. .'was not without th influence 01 ranta
loW and caram'ouch and th aerobe tie
, comedian of the day. That Influence can
be traced In his earlier playa and In a
t" modified and highly refined state can be
''detected almost -In his Tory latest. .-."'
It Is well to hold this In mind whe
eonatderln "Th , Misanthrope." If
Mottere had ' left but thhT'one play" It
'. la doubtful if any man would hare aus
v.pected Mar of being a great writer of
spontaneous comedy. v In on way th
nlav la ."hard" and outer, aim oar wuo
" out humor. - A French critic ha watd of
its principle character: "Dan J duel
premier actea, Aloret et comlque; dans
- lea trow autre, 11 eat aramauque. , awes
... that la el vine th humorous element -toe
benefit of th doubt - On' can a In I
. thla play scarcely a tract :of thoee.ele-J
' ment which went to tae maainc. ,or
v Bganarell or a Monsieur JTourdaln.' Th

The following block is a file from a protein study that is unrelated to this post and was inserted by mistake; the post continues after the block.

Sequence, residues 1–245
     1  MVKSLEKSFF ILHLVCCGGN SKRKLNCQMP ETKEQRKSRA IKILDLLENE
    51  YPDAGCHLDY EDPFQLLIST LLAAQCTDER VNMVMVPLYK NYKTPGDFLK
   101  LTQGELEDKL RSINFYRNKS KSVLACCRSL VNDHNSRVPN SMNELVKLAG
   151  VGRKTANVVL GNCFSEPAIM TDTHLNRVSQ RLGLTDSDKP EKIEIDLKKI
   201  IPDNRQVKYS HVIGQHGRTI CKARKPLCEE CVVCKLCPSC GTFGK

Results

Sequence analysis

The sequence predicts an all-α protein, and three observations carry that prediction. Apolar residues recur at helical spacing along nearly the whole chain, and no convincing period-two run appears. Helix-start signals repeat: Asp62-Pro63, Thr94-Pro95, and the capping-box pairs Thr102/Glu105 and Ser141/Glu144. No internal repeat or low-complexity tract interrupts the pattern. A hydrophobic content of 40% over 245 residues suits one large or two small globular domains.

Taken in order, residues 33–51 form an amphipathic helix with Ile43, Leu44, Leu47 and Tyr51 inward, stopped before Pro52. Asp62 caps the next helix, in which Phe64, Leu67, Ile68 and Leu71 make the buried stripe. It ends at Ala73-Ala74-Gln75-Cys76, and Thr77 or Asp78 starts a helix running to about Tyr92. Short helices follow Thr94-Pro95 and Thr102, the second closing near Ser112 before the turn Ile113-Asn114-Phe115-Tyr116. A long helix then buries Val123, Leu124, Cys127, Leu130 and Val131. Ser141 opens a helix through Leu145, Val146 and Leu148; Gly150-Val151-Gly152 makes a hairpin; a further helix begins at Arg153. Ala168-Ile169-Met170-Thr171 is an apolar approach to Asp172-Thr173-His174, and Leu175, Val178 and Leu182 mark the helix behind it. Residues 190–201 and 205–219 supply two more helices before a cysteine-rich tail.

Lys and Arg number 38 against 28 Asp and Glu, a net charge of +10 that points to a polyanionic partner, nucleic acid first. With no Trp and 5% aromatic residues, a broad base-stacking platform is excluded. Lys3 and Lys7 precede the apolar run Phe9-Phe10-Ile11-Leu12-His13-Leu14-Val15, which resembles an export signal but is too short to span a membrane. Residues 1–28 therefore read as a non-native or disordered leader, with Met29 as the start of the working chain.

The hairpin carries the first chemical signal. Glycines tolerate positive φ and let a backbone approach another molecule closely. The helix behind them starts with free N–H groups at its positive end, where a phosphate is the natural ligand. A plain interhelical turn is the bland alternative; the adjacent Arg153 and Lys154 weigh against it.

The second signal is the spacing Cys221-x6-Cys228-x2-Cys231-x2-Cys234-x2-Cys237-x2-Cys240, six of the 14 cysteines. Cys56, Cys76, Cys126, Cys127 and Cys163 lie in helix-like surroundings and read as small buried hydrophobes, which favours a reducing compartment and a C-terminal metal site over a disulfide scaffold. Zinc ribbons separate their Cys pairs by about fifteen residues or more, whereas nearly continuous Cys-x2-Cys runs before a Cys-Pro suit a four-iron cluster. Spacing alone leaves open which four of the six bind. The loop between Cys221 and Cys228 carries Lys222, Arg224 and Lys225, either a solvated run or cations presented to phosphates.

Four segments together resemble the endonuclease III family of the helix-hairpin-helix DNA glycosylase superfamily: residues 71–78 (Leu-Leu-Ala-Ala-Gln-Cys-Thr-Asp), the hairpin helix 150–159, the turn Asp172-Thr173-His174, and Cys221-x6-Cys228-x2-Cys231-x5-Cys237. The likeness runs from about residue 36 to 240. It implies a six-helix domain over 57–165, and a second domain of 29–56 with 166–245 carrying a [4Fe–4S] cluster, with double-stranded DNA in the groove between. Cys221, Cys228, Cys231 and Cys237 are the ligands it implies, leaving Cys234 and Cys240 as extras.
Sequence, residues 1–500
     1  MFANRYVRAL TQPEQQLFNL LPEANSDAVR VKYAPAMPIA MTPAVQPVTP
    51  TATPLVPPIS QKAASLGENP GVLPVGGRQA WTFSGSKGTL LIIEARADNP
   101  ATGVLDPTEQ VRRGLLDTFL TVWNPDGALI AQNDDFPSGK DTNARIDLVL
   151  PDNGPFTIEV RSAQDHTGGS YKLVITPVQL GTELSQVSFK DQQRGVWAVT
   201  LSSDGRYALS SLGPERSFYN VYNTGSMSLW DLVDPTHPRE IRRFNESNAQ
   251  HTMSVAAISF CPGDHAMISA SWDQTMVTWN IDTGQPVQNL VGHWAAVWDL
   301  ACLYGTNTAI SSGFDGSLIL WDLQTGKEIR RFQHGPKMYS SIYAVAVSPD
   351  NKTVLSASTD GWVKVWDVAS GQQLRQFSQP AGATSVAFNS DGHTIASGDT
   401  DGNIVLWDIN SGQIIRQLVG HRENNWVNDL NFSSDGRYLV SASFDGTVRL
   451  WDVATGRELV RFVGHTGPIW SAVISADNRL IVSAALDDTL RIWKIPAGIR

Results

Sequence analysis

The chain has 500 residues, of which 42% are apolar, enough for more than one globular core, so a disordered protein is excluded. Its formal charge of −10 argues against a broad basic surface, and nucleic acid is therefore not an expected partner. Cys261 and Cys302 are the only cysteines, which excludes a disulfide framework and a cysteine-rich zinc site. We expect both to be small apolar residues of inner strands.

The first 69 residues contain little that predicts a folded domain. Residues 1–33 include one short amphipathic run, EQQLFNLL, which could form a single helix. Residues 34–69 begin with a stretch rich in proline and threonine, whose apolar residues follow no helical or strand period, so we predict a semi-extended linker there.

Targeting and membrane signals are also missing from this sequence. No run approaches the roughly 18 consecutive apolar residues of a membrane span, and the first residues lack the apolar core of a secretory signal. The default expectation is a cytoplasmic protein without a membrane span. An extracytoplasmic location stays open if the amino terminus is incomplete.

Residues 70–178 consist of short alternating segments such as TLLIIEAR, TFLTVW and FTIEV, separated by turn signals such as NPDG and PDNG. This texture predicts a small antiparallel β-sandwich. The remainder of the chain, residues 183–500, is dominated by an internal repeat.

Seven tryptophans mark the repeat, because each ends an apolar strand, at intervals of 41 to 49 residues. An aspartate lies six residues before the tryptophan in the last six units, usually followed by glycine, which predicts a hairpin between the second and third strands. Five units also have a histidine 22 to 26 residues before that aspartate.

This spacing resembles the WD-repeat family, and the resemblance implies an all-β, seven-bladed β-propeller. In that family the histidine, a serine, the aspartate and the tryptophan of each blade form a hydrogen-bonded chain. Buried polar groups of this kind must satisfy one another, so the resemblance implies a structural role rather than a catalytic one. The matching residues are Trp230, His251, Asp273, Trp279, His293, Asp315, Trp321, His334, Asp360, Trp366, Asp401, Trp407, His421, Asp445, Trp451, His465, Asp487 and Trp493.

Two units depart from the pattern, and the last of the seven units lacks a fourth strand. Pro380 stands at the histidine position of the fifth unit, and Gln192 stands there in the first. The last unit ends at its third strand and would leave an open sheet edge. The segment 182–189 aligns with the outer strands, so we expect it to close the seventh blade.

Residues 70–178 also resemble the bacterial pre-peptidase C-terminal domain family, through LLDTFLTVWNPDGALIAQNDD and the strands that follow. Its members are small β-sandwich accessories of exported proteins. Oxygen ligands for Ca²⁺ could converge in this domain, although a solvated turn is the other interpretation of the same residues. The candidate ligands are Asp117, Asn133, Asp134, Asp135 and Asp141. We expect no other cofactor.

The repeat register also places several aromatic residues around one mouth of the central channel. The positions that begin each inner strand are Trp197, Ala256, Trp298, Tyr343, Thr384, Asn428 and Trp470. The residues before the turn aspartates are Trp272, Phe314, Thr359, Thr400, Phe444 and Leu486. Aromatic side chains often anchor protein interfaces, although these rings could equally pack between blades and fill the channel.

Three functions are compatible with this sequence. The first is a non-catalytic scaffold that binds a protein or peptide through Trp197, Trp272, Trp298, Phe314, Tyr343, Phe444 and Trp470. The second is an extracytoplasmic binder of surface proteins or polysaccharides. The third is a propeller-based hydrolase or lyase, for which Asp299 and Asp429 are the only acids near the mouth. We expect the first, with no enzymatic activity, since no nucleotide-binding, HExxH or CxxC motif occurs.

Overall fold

man who.-m a greater aegre pernap
'Ik.. anw Atlu Vila WMB llVMt.
poaaetseit . th true vis comloo. ' In iht
: rilay ahowa flo amount or anaenee t it
T".ln many. ways ltreflect the. Moller of
!.'.("Tartuffe" and ln -a loaaerway. th
i( Moller of'""lt'Kcol dea remmes.".
'i!"l"Mlsanthrop' waa first produced
t In' Parts. June 4, li. , by the Troupe
. . dn'Ol, f , whlohs.MoUr .waa maoager
' .and- leading aetor. M himself took
the UUe rolf of Aloesta and his wife
mm' CelUnene. . Moliere - waa taus e
V-wh. tie-wrote th .play' and a.thvfuU
. .rmesa f hi power aa actor od drama
lslvBrn In Itf day, .wtta.-such help
.: aad preaeotatlon, th pleoo doe net aeem
v. to, hare mad an r enormous auceess,
V 'though . opinion - Is djrided .upon thla.
. . Certain It la that .two months. . later
, Moller added to Its production a little
-- ooe-act comedy,. "L Medecin . Malgr
- t,ul." which from lta character would
. : seem to bar been written to lighten the
uvenlng' performenee. t.'.-Vf,' ,T,,ii,
' From Its rerr beginning, however, th
.- -'play ha eroked wide dine use I on. In lta
. Vow time and afterward originals were
' sought for its principal charactera.